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Ocado takes £10m stake in Oxbotica



Grocery delivery business Ocado is investing £10 million in a commercial partnership with Oxford-based driverless vehicle technology company Oxbotica.


The companies will collaborate on hardware and software interfaces for autonomous vehicles, which they say will enhance and integrate Oxbotica’s autonomy software platform into a variety of vehicles.


The use cases range from vehicles that operate inside of Ocado’s Customer Fulfilment Centre (“CFC”) buildings and the yard areas that surround them, all the way to last-mile deliveries and kerb-to-kitchen robots. They say this will be a multi-year collaboration, and the ultimate ambition is to enable Ocado’s partners that use the Ocado Smart Platform (“OSP”) to reduce the costs of last-mile delivery and other logistics operations.


The Ocado/Oxbotica relationship began in 2017, when we conducted a two-week trial using an early prototype delivery vehicle doing autonomous deliveries in Greenwich, London. Since that initial trial, Oxbotica says it has made significant progress in developing its platform, leading to this announcement of a broader relationship that includes both Ocado’s financial investment and a commercial collaboration agreement.


Oxbotica’s two core products are Selenium and Caesium. Selenium is an on-vehicle suite of software that brings full autonomy to a vehicle in a way that is agnostic to both hardware and environment. Caesium is a cloud-based autonomy management system that brings fine-grained control, audit, data management and monitoring to autonomous fleets. Oxbotica’s products use an advanced set of AI, machine learning and optimisation technologies to yield a low-power, safe, explainable, quick-to-deploy, modular and completely flexible “Universal Autonomy” platform.


Ocado will build teams of engineers within its existing Advanced Technology division to work with Oxbotica on these diverse use cases. The Advanced Technology division is independent from the engineering team that develops core OSP software and automation. The initial development work will focus on UK operations, and will then extend to international markets where Ocado’s partners operate.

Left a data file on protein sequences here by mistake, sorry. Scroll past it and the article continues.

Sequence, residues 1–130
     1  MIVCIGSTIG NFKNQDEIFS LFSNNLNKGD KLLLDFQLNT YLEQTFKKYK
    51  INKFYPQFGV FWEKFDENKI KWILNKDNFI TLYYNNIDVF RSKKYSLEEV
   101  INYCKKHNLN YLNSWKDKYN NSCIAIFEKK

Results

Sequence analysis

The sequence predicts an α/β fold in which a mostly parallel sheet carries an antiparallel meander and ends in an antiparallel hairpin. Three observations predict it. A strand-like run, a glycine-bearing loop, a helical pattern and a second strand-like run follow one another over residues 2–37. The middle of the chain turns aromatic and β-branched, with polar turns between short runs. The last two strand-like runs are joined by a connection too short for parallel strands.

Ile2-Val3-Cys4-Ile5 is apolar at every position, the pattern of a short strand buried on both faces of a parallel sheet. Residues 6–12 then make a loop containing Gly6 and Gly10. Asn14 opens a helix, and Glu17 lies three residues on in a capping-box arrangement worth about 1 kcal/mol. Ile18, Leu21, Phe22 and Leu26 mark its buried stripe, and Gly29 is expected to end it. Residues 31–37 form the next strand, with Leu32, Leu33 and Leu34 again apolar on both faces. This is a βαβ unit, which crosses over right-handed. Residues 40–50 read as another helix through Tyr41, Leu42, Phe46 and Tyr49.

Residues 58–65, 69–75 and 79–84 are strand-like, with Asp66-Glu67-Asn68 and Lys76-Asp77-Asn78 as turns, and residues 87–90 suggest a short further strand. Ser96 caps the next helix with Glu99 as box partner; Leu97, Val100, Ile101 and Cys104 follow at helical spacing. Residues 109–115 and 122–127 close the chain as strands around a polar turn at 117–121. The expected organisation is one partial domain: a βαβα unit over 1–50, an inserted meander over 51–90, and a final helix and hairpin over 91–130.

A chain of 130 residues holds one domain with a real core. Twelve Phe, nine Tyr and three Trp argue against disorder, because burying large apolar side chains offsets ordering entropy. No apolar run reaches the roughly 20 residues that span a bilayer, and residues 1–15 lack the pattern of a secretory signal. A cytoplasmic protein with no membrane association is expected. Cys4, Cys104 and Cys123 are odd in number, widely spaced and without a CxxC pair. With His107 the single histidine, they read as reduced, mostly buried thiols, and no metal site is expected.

Over the last five years Ocado has created more than 8,000 new jobs in the UK and abroad, with headcount now approaching 19,000 employees. As with its robotics business, this vehicle autonomy programme is not expected to have any impact on Ocado’s current hiring or employment levels within logistics or operations groups.


Alex Harvey, Chief of Advanced Technology at Ocado, commented, “We are excited about the opportunity to work with Oxbotica to develop a wide range of autonomous solutions that truly have the potential to transform both our and our partners’ CFC and service delivery operations, while also giving all end customers the widest range of options and flexibility.”

Paul Newman, Co-Founder & CTO of Oxbotica, commented, “This is an excellent opportunity for Oxbotica and Ocado to strengthen our partnership, sharing our vision for the future of autonomy. By combining both companies’ cutting-edge knowledge and resources, we hope to bring our Universal Autonomy vision to life and continue to solve some of the world’s most complex autonomy challenges.”



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